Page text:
ACKSON Sejani says President Edgar Lungu must show his unequivocal commitment to the dialogue process with no more lame excuses.
The former Mapatizya UPND member of parliament said this year was pivotal in the governance of the country
Sejani, a former local government minister in the Frederick Chiluba administration, in an interview, underscored that at some point this year, “we shall be two and half years from the electoral fraud and chaos of the 2016 election.”
“We shall also be two and half years to the next flash point, the 2021 election. In this midpoint year, it is time to sober up as a nation, particularly those in government,” Sejani said, adding that it was time to deal with all outstanding national issues in Zambia’s governance through the national dialogue.
Sejani noted that the dialogue process must be undertaken and concluded in 2019.
“Edgar Lungu must show his unequivocal commitment to the dialogue process with no more lame excuses. We have come a long way with this dialogue process with so much hide and seek tactics aimed at delaying it or totally frustrate it all together. This must stop in 2019!” he said.
“Those who have never been serious from the word go are about to be exposed and the nation will know them. Those who are benefiting from the chaotic status quo will also be exposed by their unwillingness to participate in this, the church-led exercise.”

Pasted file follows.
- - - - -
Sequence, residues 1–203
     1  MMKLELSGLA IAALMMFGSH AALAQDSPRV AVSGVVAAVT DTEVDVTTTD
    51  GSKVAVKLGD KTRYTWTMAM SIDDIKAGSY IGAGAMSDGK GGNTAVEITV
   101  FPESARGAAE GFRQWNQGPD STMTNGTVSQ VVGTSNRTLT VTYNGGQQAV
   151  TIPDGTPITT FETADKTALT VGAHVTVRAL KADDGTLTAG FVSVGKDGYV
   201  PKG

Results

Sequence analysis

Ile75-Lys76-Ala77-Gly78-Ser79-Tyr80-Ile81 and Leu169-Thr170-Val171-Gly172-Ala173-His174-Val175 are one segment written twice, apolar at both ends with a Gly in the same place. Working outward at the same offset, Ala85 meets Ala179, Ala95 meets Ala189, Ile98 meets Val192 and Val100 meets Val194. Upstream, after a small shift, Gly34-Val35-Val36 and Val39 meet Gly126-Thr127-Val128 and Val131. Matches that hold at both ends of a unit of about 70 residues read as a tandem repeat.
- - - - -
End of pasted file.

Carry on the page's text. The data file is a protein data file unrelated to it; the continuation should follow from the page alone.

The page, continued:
Sejani indicated that it was now time to level the political playing field by, inter alia, reforming the Electoral Commission of Zambia.
He argued that the ECZ commissioners, being the referee of national elections, cannot, for example, continue to be appointed by one of the players in the field – the Republican President.
“This game will raise eyebrows ab initio. We must deal with the public order Act so that all players are allowed to assemble and organise freely. The public media must be accessible to all players, after all, we all pay taxes and levies!” Sejani said.
“Is it not strange in Zambia that it is actually the private media that is accommodating all and sundry in their coverage, thereby performing the public function whereas the so-called public media only panders to the whims of a narrow and particularistic clique in government.”
He added that the country’s judiciary ought to be reformed because that was where citizens rushed to for redress.
“Civilised and peaceful people go to court to seek resolution of their grievances. If, however, this avenue is closed or if it is compromised in the discharge of its responsibilities, then we are encouraging anarchy and strife,” noted Sejani.
“It is important therefore for the national dialogue to get on with the job at hand. Ideally, the electoral commission would have done a better job if its stakeholders consultations, as it prepares for the 2021 elections, came after the dialogue so that it captures the recommendations of the dialogue.”